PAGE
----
Even more people believe Ireland has benefited from membership
As the British government promises to hold an 'in out' referendum on EU membership, a poll suggests a majority of Irish people believe we should remain part of the EU regardless of that outcome.
More than three-quarters (77%) of those polled by European Movement Ireland and Red C say Ireland should remain in the EU even if the UK leaves.
According to the poll, 84% of adults here also believe that Ireland has, on balance, benefited from membership.
These figures are higher than those in a similar poll carried out in 2013.
And almost 7 in every 10 Irish adults support the Transatlantic Trade and Investment Partnership (TTIP).
But only 33% of Irish people agree that there should be an EU army.
European Movement Ireland executive director, Noelle O Connell, said: "The situation in the UK is of huge concern. It is very noteworthy that in the last two years, a growing number of Irish people believe that even if our nearest neighbours leave, that we should remain in the EU".
"The results also indicate that Irish people overwhelmingly believe that Ireland has benefited from EU membership, with 86% agreeing with this statement in the poll," she added.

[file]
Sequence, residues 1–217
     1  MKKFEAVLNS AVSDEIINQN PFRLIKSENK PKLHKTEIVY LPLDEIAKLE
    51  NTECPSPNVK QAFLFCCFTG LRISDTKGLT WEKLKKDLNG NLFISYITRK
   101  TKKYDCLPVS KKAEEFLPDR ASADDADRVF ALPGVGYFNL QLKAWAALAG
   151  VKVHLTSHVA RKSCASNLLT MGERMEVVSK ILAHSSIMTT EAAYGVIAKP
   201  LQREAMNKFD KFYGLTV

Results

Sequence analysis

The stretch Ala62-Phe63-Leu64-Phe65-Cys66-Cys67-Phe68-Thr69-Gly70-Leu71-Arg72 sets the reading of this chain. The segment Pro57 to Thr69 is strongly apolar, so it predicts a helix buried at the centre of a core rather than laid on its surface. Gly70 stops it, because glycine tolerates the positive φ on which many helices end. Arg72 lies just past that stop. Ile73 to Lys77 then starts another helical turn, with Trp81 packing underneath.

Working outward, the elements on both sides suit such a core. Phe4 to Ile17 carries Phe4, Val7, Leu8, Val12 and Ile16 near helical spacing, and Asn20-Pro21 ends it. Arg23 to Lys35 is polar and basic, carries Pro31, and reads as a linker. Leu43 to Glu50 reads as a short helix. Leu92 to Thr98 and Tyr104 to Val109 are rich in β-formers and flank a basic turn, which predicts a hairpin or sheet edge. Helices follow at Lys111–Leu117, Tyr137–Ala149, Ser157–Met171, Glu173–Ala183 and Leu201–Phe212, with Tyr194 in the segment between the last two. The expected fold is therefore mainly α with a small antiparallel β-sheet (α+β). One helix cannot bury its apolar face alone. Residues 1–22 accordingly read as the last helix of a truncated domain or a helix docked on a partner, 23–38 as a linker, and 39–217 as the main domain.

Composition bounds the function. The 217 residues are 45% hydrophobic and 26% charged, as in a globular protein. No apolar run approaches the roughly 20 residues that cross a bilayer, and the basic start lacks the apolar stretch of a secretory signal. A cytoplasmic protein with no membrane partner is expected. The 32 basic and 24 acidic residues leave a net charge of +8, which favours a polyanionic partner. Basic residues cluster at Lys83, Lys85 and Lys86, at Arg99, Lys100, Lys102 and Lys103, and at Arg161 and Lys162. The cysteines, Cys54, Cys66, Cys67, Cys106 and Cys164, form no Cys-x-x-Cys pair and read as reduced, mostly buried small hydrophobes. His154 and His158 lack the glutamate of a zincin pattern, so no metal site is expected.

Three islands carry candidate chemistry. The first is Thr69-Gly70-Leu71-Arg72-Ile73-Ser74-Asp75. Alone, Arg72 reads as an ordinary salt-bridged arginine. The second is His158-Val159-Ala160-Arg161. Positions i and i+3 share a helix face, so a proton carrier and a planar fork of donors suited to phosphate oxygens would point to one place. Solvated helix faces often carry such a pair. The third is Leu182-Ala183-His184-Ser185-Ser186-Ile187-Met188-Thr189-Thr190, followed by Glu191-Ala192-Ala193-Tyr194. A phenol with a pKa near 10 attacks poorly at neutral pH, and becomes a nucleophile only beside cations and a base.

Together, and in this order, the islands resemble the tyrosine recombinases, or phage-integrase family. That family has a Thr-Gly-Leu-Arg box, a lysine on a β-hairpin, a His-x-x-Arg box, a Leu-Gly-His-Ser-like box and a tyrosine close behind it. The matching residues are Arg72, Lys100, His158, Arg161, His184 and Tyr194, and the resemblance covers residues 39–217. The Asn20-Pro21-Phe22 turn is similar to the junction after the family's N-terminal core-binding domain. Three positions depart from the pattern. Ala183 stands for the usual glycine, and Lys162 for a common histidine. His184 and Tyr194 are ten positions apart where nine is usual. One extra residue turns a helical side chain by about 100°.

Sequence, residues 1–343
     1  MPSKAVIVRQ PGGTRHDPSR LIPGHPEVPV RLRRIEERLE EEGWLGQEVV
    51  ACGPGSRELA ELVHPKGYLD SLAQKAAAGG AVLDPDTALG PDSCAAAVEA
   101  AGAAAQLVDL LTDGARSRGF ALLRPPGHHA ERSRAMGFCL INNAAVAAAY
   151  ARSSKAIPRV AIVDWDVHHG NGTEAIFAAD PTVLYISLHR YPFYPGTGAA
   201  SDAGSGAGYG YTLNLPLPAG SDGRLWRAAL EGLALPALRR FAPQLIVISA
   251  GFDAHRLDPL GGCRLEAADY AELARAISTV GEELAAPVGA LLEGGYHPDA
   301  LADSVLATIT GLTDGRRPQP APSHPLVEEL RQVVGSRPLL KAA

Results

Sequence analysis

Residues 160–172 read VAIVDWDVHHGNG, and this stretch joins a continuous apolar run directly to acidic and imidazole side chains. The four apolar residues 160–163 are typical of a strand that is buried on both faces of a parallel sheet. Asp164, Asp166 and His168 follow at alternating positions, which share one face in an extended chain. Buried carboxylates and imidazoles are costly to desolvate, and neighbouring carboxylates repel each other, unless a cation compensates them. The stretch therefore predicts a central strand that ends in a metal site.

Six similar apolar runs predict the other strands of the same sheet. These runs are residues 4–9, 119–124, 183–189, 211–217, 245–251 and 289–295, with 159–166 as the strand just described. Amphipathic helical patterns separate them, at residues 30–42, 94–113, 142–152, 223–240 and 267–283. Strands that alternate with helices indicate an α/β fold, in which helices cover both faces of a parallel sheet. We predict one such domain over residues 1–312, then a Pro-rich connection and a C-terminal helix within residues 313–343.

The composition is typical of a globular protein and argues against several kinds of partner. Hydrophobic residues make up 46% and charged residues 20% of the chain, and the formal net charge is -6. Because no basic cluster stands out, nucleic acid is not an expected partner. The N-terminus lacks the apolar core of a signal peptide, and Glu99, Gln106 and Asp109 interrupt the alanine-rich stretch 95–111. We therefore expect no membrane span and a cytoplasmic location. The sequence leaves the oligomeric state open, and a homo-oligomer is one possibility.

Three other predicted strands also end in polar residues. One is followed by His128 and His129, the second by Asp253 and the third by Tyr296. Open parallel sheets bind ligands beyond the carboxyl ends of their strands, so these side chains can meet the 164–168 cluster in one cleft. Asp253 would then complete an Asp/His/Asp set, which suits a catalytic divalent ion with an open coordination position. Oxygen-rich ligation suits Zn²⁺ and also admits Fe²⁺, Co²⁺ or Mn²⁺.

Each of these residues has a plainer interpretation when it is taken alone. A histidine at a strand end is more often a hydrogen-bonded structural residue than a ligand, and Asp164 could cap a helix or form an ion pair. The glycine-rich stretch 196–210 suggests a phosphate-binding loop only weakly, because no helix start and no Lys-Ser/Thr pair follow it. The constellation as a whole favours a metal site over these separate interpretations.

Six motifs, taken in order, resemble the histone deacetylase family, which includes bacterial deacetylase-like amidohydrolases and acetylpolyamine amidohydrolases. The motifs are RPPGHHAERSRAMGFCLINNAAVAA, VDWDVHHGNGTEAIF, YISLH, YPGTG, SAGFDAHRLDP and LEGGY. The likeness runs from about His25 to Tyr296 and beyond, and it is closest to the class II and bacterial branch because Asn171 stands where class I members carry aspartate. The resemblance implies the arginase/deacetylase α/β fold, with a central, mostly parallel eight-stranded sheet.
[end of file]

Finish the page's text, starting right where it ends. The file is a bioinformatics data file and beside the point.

Meanwhile, British Prime Minister David Cameron will meet German Chancellor Angela Merkel for face-to-face talks in Berlin at the end of his two-day European diplomatic tour.
He iwill begin the day in Warsaw for talks with his Polish counterpart Ewa Kopacz, before heading to the German capital to see Mrs Merkel.
It comes after Mr Cameron called for "flexible and imaginative" reforms in the European Union after talks with French President Francois Hollande on Thursday.
Speaking after the talks in Paris, Mr Cameron said: "The status quo is not good enough and I think there are changes that can be made that can benefit not just Britain but the rest of Europe too".
He said solutions could be found to make Europe more competitive and "address the concerns of the British people" ahead of his in-out referendum on EU membership.
Mr Hollande called Mr Cameron's plan for a referendum by the end of 2017 "very risky" - but made clear that France wants Britain to remain in the bloc.
"We think it's in the interest of Europe and in the interest of the United Kingdom to be together but the people must always be respected," he said at a joint news conference.